“You have to empower all the people around you. See talent as opportunities. Offer options. It doesn’t appeal to everyone. Choice is really important.”

Supporting hesitant teachers

It is crucial to meet hesitant or resistant teachers where they are. We can do this by showing non-judgemental interest in their practice and “listening them into clarity”. Instead of trying to give them the answer, try to help them find the answer themselves by asking lots of questions. Where do they feel that little niggling feeling? What question are they asking that this might be the answer to? What do they want their learners to be like? Give them agency and get them to share their practice in order to help you understand. Look for the toughest critics and build relationships by showing genuine passion for their art. This approach cannot be forced, so cast the net towards the ones who are interested. Make it an invitation, an open circle. Joel Bevans (Vice Principal, Canadian International School, Singapore) emphasises the importance of building strong relational connections, listening, persisting, and staying positive:

“Listen. Put the coaching hat on. Coaching conversations are really important. How do you listen and give a little nudge? It comes down to relationships. You can’t have these coaching conversations unless you really know who they are. It is a slow burner process. Keep on trying and keep on smiling.”

Biggest mistakes

The biggest mistake that leaders tend to make when attempting to develop this culture is to give up if it does not work the first time. It is an ongoing investment, a multi-year commitment. It will evolve and develop, it requires patience, and it will take time. It is not a panacea or a quick fix. It is not a one-off; you are not going to get it the first time. It is sensible to pick just one idea and focus on it until it becomes a habit. Lauren Childs (Clinical Faculty, Oakland University, Michigan) notes that we are not talking about implementation, we are talking about a cultural mind-shift:

“This is not just a program. Program implementation is so ingrained. It is a cultural shift not the implementation of a program.

Hidden ingredients

Ron recommended that I ask a question about the hidden ingredients of leading this work. This question elicited two key ingredients, the secret sauce if you like. These two keys are: being truly intellectually curious, and making people feel seen and heard. Nathalie Ryan (Senior Educator, Department of Gallery and Studio Learning, National Gallery of Art) beautifully captures the essence of this as she describes the role of education as a civic effort which goes beyond passing tests:

“Have a genuine desire to listen and learn, to see your role as not the authority. Be truly curious about your learners, really care. Desire to listen and connect in an authentic way. See education as truly part of a civic effort. It is beyond passing a test; it’s about creating humans; it is more lifelong. When someone sees you as a human, that is really empowering as learner.”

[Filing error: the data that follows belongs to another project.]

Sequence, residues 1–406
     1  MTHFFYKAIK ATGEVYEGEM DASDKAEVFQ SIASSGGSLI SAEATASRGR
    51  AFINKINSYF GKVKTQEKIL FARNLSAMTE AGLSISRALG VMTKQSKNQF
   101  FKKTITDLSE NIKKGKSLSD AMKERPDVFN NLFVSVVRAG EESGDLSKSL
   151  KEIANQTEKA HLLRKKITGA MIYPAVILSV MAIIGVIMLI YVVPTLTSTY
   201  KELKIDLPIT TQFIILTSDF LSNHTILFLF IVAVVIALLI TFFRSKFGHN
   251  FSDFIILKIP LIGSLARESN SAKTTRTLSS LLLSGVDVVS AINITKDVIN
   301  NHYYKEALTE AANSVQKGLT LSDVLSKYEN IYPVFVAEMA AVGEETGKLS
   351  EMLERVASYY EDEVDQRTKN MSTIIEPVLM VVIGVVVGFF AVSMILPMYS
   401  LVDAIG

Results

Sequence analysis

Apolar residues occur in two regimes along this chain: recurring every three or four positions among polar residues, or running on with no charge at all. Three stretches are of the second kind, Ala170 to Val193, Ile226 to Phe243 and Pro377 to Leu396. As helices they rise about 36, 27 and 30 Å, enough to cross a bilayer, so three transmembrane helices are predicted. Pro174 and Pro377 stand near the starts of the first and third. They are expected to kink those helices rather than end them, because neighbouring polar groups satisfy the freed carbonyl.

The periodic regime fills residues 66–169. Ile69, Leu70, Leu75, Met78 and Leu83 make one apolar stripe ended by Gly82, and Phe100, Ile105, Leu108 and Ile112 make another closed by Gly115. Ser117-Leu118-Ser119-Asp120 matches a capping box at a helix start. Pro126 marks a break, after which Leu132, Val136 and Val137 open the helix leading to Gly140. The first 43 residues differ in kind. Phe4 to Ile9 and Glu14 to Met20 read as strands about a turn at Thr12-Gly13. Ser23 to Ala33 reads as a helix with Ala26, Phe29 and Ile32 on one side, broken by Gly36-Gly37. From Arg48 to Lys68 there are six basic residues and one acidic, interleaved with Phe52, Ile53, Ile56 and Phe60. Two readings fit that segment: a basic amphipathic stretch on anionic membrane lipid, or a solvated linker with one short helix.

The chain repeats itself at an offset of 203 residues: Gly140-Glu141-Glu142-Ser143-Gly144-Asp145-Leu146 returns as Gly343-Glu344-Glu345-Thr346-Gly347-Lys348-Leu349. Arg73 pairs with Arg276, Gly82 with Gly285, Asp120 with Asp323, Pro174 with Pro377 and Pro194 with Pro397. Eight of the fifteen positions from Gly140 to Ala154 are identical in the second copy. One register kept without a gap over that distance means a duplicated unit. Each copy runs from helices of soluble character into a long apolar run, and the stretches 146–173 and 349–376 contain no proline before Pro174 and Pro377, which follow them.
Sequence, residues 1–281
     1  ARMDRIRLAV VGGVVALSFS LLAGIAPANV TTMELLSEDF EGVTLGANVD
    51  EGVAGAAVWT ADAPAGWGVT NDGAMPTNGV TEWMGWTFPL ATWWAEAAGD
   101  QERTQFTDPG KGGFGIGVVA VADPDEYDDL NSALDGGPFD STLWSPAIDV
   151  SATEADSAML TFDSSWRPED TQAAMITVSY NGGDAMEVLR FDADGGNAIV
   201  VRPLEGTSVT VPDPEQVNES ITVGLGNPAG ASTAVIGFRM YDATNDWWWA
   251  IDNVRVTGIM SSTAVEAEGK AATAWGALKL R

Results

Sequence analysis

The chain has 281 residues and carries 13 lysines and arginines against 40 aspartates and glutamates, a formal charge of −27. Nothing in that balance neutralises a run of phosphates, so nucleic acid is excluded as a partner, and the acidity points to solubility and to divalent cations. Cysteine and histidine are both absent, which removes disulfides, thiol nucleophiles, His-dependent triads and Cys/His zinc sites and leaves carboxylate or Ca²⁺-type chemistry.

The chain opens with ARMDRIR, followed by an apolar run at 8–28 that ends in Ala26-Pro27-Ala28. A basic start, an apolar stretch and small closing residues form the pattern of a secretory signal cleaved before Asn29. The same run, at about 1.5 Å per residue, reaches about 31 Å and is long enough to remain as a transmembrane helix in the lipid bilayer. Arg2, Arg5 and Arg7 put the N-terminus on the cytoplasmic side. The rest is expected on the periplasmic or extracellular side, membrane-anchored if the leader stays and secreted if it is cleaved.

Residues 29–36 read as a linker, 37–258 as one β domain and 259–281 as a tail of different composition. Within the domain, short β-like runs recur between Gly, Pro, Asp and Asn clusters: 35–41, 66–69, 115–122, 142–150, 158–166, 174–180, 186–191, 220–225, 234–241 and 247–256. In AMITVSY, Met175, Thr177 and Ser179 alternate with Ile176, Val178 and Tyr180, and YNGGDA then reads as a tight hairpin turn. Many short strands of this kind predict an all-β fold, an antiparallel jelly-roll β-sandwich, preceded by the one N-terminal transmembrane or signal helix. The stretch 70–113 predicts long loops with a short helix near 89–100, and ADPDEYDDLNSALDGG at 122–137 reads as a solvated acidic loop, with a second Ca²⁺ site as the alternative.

Best takeaways

Jessica Ross (Senior Practitioner Specialist, Project Zero) spoke about keeping the focus on thinking and learning as the main game in schools as opposed to everything else that can crowd the agenda:

“It is about cognition and thinking and learning. Schools can lose sight of this. There is always more to do – healthcare, physical care. But cognition, thinking and learning is what we should be expert in.’

Brian Cook (Social Studies Department Head, Dana Hall School, Boston) used the helpful metaphor of nurturing an eco-system rather than following a script:

“It is about nurturing an eco-system rather than sticking to a script. It takes time and it is messy and that is part of the process. You have to be OK with making mistakes. That is OK when the senior administration is on-board.” 

Tina Blythe (Project Director, Project Zero and Senior Manager Special Projects) spoke about trusting colleagues and valuing relationship because it is only in relationship to others that we can see our own biases:

“Trust your learners. Trust your colleagues. Value relationship. It all comes down to relationship. It is only in relationship with others that I can really hear another perspective. It’s almost impossible for me to see my own biases. Others can help me see them. That is why we set up groups.”

Elise Heil (Principal of Sacred Heart School in Washington DC) emphasised the importance of modelling from leaders and prioritising adult learning:

“As a school leader, I’m most proud that I can use these routines myself with parents. Being able to model and facilitate is crucial. If this is something that the school leadership values, then they have to use the routines. They can’t just tell others to use them. If you are doing systemic large-scale change, you have to be focused on the adult learners first, not the children.”